Further workup was performed to investigate possible autoimmune causes of weakness/paresthesias. CT brain without contrast was performed, which showed unremarkable results. Labs reviewed at that time revealed erythrocyte sedimentation rate (ESR) 28, C-reactive protein (CRP) within normal limits (WNL), B12 223 low normal, folate 20.6 WNL, thyroid-stimulating hormone (TSH) .63 WNL, electrolytes unremarkable, calcium 9.1 WNL, rapid plasma reagin (RPR) nonreactive, magnesium 2.78, phosphate 4.1, creatinine kinase (CK) WNL, iron panel with total iron-binding capacity (TIBC) mildly low but otherwise ferritin and iron WNL. Results also showed antinuclear antibody (ANA) positive, anti-dsDNA negative, anti-histone negative, anti-JO1, anticentromere negative, and AchR negative. An electromyogram (EMG)/nerve conduction velocity (NCV) study was performed of the bilateral lower extremities and upper extremities, tongue, sternocleidomastoid, and trapezius for the indication of right-sided extremity weakness/tremor and tongue weakness/tremor. The study showed no evidence of neuropathy or myopathy. The patient was discharged by the primary team following an improvement in her symptoms and an unremarkable workup.

In about three weeks time, the patient was readmitted to the hospital for similar complaints as before. Of note, on the second admission, the patient presented with new-onset postural instability, which hindered her ability to ambulate. The patient also complained of double vision, difficulty swallowing, and generalized weakness. On examination, the patient remained alert and oriented to person, place, and time, with no global or expressive aphasia, and no dysarthria was appreciated. The patient answered simple questions appropriately and followed simple commands. Cranial nerves II-XII were grossly intact, however, pronounced lateral nystagmus was appreciated in both eyes to the left and right. Motor function and tone were within normal limits. Strength in all four extremities was preserved. The patient was with noted hyperreflexia in the bilateral lower extremities. Coordination and sensation were intact. Gait was poor with short stride length, in addition to truncal dysmetria and postural imbalance.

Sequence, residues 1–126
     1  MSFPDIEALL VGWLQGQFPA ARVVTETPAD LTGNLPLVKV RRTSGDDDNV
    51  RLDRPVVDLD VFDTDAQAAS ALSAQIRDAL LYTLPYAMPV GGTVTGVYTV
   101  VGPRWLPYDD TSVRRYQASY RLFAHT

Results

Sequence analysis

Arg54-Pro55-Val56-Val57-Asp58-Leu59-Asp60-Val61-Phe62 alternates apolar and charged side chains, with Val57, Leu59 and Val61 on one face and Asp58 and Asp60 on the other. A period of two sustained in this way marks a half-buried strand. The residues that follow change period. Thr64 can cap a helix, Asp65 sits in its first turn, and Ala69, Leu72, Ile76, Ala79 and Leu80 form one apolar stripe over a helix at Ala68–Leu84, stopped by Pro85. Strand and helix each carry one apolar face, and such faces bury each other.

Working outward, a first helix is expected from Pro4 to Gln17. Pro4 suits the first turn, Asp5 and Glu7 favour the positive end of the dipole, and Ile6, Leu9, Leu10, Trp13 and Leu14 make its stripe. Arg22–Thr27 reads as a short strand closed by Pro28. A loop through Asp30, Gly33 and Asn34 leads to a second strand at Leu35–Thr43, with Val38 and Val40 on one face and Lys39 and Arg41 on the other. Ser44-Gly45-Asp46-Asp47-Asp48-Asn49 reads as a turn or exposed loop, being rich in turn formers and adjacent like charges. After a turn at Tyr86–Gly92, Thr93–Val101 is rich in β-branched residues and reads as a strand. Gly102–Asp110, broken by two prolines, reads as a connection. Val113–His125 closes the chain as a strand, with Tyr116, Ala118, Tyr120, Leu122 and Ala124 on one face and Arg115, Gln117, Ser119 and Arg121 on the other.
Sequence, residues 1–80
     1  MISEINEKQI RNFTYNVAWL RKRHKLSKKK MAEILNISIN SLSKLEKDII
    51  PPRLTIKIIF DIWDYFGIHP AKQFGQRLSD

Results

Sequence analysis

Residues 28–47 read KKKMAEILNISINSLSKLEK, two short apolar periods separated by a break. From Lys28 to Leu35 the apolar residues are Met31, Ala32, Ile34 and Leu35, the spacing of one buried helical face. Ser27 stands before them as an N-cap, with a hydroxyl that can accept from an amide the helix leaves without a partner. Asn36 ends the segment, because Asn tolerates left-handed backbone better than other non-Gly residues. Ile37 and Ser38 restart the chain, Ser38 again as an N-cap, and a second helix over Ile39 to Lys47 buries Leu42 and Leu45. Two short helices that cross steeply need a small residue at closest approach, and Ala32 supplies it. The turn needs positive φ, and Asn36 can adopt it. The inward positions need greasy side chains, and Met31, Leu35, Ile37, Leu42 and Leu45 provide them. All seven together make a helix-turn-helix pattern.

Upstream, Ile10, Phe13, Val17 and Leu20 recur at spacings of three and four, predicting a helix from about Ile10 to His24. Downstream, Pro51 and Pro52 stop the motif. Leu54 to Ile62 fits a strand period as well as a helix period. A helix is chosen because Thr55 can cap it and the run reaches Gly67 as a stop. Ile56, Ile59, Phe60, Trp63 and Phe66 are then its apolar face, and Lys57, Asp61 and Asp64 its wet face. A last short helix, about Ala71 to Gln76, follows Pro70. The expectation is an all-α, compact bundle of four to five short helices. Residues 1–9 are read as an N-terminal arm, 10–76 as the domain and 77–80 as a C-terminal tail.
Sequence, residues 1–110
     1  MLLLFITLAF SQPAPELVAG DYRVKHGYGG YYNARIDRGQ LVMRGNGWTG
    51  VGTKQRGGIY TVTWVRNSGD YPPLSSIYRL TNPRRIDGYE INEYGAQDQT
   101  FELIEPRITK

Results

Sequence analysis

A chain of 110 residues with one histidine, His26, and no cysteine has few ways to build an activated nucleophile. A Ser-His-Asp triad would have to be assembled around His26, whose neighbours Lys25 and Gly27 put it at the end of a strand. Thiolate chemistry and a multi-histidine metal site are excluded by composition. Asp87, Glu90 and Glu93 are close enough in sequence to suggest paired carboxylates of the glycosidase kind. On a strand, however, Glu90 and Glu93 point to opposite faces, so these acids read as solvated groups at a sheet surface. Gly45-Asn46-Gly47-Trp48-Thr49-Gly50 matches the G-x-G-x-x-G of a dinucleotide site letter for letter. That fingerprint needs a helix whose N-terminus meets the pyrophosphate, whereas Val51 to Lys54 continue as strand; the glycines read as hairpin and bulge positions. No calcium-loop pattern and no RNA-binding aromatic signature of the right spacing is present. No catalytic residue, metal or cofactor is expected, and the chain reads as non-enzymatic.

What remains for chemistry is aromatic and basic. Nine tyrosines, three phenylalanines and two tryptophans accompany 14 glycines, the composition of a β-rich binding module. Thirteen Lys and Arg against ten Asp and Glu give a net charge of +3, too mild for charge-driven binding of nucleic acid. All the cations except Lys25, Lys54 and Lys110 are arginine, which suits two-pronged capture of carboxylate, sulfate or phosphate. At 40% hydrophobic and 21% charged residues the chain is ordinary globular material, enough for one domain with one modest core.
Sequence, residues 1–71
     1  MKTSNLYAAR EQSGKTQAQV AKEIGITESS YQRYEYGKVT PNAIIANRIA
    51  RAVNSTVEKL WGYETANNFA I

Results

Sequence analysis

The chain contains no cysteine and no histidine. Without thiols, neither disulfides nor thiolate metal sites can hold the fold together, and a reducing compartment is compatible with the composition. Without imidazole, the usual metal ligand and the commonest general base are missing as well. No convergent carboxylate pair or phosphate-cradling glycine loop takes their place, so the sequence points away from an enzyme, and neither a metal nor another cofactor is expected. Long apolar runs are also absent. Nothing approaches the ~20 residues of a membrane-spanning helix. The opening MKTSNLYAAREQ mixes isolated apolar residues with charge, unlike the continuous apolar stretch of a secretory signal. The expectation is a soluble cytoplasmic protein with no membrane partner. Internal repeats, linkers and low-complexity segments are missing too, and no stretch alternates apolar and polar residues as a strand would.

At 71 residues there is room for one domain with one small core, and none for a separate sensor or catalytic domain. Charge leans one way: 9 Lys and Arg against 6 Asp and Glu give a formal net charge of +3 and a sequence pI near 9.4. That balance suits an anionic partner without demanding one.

An MRI brain w/wo contrast was ordered with a specific focus on the visualization of the brainstem (Figure 1). Results yielded a hyperintense lesion identified at the lower medulla, which was suspicious for a malignant process vs a rapidly demyelinating lesion.

Labs reviewed on most recent admission revealed vitamin B12, folate, TSH, magnesium, and phosphate within normal limits. Prior labs for an autoimmune workup from the previous visit were reviewed as well. RPR from the previous visit was non-reactive. A paraneoplastic panel (Anti-Hu, Anti-Yo, Anti-Ri) was unremarkable. A lumbar puncture was performed, and the cytology of CSF sent for glucose, protein, venereal disease research laboratory (VDRL), gram stain, oligoclonal bands, myelin basic protein, immunoglobulin G (IgG) synthesis rate, cell count with differential, cytology to check for cancer cells, fungal stain, cryptococcal antigen/antibody, India ink, and NMO antibody. Results from LP are shown in Table 1. With NMO IgG antibody increased at 4.1 and all other tests unremarkable, the patient was diagnosed with NMOSD. The patient was started on intravenous (IV) Solu-Medrol 500 mg q12h seven days. The patient was also scheduled for three days of plasmapheresis in addition to the high-dose steroid therapy. On outpatient follow-up appointment, the patient stated significant improvement to her previous symptoms upon last hospital admission. Eventually, the patient was discharged and continued on immunosuppressant therapy of Imuran 50 mg daily and prednisone 10 mg daily. The patient was instructed to follow up with neurology in an outpatient setting.

CSF Protein 28 mg/dL
CSF Glucose 93 mg/dL
CSF WBC 16 cells/microL
CSF Cell Count with Differential.
Color Colorless
RBC 2 cells/microL
WBC 16* cells/microL
Lymphocytes 97 cells/microL
Monocytes 3 cells/microL
Appearance Clear
Protein 28 mg/dL
Glucose 93 mg/dL
Cryptococcal Antigen Negative
Gram Stain No organisms grown or WBCs within 24 hours.
NMO IgG Antibody 4.1* U/mL
CSF Cytology for Malignant Cells Negative
West Nile IgM Negative
Quant Gold Antibody Negative
CMV IgM < 30 U/mL
CMV IgG >10* U/mL


At initial presentation, our patient exhibited intractable nausea and vomiting, odynophagia with hypersalivation, generalized right-sided weakness, left-sided numbness and tingling, sensory disturbance of the face, and tongue dysfunction, leading to dysphagia and speech difficulties. On the second admission, there was a recurrence of these symptoms. In addition, our patient exhibited poor gait with truncal dysmetria and postural imbalance, diplopia, lateral nystagmus, and generalized weakness. These findings, indicative of acute brainstem syndrome, in addition to MRI brain demonstrating a hyperintense lesion at the lower medulla and CSF demonstrating elevated APQ4-IgG met the diagnostic criteria for NMOSD [6].